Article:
(May 10 update: The question of whether overseas workers will be covered by the transition arrangements referred to below has been subject to fierce debate – see the comment thread. Mumbrella has been seeking clarification from the Treasury but at the time of writing this update, the issue is in question)
The media and marketing industry’s many overseas workers from the UK and elsewhere have been given a temporary reprieve over the loss of a tax perk worth thousands of dollars a year.
The government had flagged up the loss of the LAFHA – the Living Away From Home Allowance – as taking place from this July. The LAFHA allows workers on four year 457 visas to claim back their rent and living costs back against tax.
When the government flagged up its plans to axe the perk because it was being rorted, it generated a big debate on Mumbrella, with more than 250 comments.
The LAFHA suited employers because it helped in overseas recruitment by allowing them to offer a better deal, and it also reduces company’s mandatory super contributions because these are only paid on the basic salary, and not the rent allowance part of a remuneration package.
Yesterday’s budget saw the government confirm that it was indeed closing the LAFHA to most workers from this July. However, those who have already got LAFHA arrangements in place, will be allowed to continue with them until July 1, 2014 – an extension of two years.
The government guidance said:
“The Government will further reform the tax concession for living-away-from-home allowances and benefits, by better targeting it at people who are legitimately maintaining a home away from their actual home for an initial period.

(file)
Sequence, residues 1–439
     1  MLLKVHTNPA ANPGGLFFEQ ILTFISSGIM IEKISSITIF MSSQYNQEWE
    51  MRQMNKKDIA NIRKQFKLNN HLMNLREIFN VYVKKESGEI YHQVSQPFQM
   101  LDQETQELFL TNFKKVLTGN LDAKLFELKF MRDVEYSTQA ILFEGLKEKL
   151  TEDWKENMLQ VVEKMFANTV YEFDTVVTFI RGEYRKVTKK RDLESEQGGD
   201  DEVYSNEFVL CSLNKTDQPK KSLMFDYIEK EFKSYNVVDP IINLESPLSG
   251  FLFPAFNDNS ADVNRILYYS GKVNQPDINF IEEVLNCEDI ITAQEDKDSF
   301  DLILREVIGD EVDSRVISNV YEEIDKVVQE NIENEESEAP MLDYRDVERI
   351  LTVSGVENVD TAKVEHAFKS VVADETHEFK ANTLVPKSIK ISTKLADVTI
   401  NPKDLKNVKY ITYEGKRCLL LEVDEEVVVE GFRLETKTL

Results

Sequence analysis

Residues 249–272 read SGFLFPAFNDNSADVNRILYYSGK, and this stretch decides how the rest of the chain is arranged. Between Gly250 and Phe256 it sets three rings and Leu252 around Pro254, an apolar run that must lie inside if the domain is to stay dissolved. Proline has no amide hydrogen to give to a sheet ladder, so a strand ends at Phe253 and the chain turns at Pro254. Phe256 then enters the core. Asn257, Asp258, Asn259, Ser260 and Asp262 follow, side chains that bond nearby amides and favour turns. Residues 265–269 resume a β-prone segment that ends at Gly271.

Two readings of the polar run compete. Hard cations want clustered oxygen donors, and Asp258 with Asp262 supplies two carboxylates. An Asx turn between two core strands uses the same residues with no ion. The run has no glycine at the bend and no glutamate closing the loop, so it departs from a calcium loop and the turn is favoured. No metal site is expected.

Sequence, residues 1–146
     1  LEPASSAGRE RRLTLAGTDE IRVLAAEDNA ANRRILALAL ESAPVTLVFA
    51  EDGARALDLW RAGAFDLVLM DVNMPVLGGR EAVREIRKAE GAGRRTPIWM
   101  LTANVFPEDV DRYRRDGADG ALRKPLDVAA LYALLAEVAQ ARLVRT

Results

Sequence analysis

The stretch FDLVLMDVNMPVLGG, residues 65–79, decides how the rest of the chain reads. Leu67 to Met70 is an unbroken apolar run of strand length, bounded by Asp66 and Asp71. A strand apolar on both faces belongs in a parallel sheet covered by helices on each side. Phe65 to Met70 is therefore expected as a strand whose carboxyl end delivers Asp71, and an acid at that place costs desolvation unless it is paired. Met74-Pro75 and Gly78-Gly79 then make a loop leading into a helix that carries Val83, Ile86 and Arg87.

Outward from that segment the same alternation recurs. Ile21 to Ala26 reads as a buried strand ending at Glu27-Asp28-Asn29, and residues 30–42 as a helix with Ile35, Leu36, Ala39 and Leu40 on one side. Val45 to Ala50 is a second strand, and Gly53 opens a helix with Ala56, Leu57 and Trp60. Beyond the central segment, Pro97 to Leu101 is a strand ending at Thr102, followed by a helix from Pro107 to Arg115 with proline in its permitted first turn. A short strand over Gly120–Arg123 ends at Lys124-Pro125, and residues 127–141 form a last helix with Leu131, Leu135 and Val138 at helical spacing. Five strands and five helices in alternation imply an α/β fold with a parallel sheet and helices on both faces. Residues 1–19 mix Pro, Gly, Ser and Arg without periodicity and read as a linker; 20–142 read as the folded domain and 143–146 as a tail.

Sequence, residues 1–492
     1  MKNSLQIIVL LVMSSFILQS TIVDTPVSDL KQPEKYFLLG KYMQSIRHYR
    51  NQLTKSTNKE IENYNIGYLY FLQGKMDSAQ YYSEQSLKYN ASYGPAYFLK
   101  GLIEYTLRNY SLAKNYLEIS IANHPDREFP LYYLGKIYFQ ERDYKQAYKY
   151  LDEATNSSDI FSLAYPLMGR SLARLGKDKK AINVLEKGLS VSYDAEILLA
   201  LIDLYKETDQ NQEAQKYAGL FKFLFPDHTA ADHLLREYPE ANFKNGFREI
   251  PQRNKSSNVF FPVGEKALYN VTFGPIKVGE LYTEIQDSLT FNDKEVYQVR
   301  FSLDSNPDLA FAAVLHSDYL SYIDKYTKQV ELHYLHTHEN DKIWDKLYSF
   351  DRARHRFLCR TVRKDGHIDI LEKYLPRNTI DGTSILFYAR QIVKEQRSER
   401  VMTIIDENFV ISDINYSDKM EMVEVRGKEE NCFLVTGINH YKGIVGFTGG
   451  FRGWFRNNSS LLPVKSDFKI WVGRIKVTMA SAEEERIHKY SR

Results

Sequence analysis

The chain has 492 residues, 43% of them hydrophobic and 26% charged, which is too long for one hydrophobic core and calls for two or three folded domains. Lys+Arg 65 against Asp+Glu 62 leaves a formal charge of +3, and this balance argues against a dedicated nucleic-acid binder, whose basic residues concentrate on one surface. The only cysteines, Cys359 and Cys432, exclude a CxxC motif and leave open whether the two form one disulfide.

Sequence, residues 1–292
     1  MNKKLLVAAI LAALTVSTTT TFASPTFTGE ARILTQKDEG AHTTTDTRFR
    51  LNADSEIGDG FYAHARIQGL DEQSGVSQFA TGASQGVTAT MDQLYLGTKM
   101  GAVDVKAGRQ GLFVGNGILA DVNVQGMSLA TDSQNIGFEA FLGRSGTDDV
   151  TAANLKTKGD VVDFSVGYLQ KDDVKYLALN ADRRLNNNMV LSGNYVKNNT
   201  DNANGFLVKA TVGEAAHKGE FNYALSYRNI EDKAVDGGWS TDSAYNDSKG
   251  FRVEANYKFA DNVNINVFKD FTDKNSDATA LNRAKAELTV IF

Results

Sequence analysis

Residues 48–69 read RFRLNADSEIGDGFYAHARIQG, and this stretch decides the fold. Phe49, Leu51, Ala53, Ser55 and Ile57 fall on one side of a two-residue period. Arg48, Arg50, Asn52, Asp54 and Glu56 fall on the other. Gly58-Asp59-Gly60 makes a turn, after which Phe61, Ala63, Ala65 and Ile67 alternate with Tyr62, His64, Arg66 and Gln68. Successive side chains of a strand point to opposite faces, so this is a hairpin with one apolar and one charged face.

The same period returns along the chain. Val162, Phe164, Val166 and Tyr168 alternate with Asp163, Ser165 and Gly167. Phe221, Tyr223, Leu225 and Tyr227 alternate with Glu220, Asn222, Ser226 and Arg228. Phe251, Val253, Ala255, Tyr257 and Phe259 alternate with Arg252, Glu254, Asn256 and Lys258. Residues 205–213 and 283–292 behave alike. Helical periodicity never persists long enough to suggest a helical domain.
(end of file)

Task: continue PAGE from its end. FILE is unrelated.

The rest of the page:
“One of the issues raised at last October’s Tax Forum was the increasing exploitation and misuse of this tax concession by a narrow group of people, particularly highly-paid executives and foreign workers, at the expense of Australian taxpayers.
“Limiting access to the tax concession to employees who are maintaining a home for their own use in Australia, that they are living away from for work; and imposing a 12 month time limit on how long an employee can receive the tax concession at a particular work location.
“These further reforms will stop businesses from being able to give a very large taxpayer-funded tax break to employees who aren’t maintaining a second home, or are maintaining two homes indefinitely.
“It’s simply not fair or reasonable for ordinary taxpayers to be funding this kind of massive tax perk for a very small number of people.
“The reforms will apply from 1 July 2012 for arrangements entered into after 7.30pm (AEST) on 8 May 2012, and from 1 July 2014 for arrangements entered into prior to that time.”
Brits make by far the biggest contribution to the overseas contingent in Australian media and marketing companies.
The end of the perk when it comes to recruiting new staff will probably have less impact at present because of the strong dollar and weak UK economy.
David Gaines, boss of media agency Maxus, who is British but gave up LAFHA when he obtained residency in 2006, told Mumbrella: “If you’re leaving the UK to work abroad, and you’re looking for tax breaks, you don’t go to Australia. You’d go to Asia. With the new LAFHA rules, we’re talking about a few people who won’t have a sea view until they get promoted a few rungs.
“People whining about few hundred bucks added to their rent won’t stem the flow people here.
“As an agency, we won’t be jacking up salaries for foreign talent to make up for them not having LAFHA. That would ruin the market and not be fair to Australians. Unless you are 100% dedicated to your career, and fame and fortune in medialand is your end game, then the LAFHA changes won’t mean much to you. Most people come to Australia for the lifestyle, and you can’t put a price on that.”